Can RDF be used as the primary format for data?

In response to a question I asked about modelling, Cygri stated that

RDF is rarely used as the primary form in which data is managed. More typically, RDF is just produced as a “view” on some existing data that lives in some other format, and often in a relational database.

Assuming new data, what arguments are there for/against using RDF as the primary form for data?

Pros:

  • Extensibility. When you find you need to add new properties, either because you have integrated new information or because you now understand the problem better, you can just do so without having to redesign a schema and migrate legacy data.
  • Semi-structured. Copes well situations where you have different levels of information on different entities, don't have to force everything into a single record shape and mark lots of things as "missing".
  • Particularly well suited to representing arbitrary graph structures.
  • Helps you work with your data at the conceptual level. Just model your domain as an ontology and you can immediately create and manipulate instance data corresponding to that ontology. Don't get bogged down in details of mapping the conceptual model to data layouts and access paths. Which in turn means you have great flexibility of query and access paths.
  • Supports inference.
  • Can store the model information (ontologies) along side the instance data in the same format, making it easier to discover the model for data and keep things in sync.

Cons:

  • Performance - this is the flip side of not having to worry about data layouts and optimized access paths :)
  • Weakness of validation and integrity checking - flip side of extensibility and semi-structured model, yes you can do some integrity checking and there are good tools out there but ultimately you can't have it both ways.
  • Relative immaturity of tools - sure there are lots of fantastic RDF stores and associated tools out there but the sheer level of investment in RDMS tools, admin tooling, mapping layers etc will take a little catching up with.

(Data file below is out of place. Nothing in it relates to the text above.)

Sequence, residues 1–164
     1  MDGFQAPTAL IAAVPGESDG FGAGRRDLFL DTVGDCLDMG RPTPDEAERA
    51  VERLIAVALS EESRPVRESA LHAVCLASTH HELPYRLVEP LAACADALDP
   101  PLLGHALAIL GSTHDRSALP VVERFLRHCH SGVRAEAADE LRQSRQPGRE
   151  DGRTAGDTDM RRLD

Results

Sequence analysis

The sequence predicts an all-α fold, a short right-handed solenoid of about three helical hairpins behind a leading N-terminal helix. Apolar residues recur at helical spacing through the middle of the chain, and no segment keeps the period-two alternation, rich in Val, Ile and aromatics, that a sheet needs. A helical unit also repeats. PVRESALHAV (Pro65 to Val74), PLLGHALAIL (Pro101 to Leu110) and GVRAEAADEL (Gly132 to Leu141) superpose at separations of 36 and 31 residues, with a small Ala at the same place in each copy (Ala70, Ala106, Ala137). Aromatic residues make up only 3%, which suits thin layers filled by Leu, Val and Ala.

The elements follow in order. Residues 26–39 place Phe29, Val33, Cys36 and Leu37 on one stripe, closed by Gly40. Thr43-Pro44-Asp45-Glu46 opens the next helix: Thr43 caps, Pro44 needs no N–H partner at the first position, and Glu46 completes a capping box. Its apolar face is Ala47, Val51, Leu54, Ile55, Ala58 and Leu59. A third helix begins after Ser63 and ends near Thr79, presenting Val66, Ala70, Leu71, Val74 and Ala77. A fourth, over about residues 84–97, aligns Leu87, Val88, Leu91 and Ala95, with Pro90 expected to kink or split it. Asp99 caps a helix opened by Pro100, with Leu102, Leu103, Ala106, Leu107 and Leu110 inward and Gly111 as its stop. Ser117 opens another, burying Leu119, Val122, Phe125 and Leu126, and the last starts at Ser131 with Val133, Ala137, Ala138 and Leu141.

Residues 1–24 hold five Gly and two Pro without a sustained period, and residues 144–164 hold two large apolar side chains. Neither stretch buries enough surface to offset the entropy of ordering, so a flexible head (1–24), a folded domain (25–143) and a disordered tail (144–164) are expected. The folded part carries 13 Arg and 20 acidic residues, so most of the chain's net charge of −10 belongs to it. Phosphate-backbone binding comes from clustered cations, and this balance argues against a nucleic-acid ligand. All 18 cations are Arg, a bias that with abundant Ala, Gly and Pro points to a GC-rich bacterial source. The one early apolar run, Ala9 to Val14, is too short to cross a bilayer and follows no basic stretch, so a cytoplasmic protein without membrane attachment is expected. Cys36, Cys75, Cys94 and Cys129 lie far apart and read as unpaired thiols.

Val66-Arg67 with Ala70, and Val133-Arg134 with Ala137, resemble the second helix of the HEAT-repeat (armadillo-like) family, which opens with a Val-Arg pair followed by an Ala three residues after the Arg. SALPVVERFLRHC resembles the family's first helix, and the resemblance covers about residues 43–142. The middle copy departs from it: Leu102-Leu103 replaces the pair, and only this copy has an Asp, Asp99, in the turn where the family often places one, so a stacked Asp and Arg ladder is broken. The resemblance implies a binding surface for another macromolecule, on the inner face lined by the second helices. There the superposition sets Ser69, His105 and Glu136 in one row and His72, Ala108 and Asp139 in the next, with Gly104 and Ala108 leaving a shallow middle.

• Lack of data entry tools, as pointed out by cygri. Data entry, update, review are all key tasks that are relatively less well supported by existing RDF tooling. There's no intrinsic reason this can't be solved and there are, for example, spreadsheet based RDF data entry systems and form generators but right now getting from a schema/ontology to a really usable entry/maintenance UI takes more work than it should.

An approach which can work well is to think about your data at the conceptual level using OWL + RDF, use a generic triple store initially. Then as the requirements settle down you optimize and add additional integrity checking "under the hood". Whether that is best implemented as optimized indexes and processing around a general triple store, or by eventually moving to a different underlying store and projecting out an RDF view, will depend on the problem.

BTW You may find the analysis we did in this report helpful, it was done in the context of IT Systems Management but is fairly generic.

Dave has already mentioned that RDF deals very well with semi-structured data, i.e. circumstances where there are different levels of detail about entries.

Another perspective on that is RDF is good for dealing with heterogeneous data, i.e. where there are many different types of object, with their own schema and inter-relationships. Each object might be fully-described, but there may be a wide range of different types and, importantly, the number of types evolves over time. This is a consequence of RDF's schema-less design.

For example I found that ultimately that RDF was a great data model for a publishing system because:

  1. There were a variety of different levels of data available from different publishers (semi-structured) AND
  2. That there were an increasing variety of different types of content, and a number of different types of relationships between those items.

This also relates to Dave's point about extensibility.

What Dave said. Just one more thing:

There is a lack of good data entry UIs for RDF.

It's easy to enable users to put their data into spreadsheets, CMSes, simple relational databases and so on; but putting a decent data entry frontend over an RDF schema is still significantly more work at this point in time. This suggests using the spreadsheet/CMS/DB as the master store where the data “lives”, and adding RDF export (or an “RDF view”) on top of that master store.

What we did recently in a project, we used relation database to store our data while the users are editing it. The benefit was the easy hibernate, gwt, etc. integration. Once one object is done (fully described), and the user decides to publish it, it will be inserted to a Jena triplestore. This way we can stage the data and review before publishing.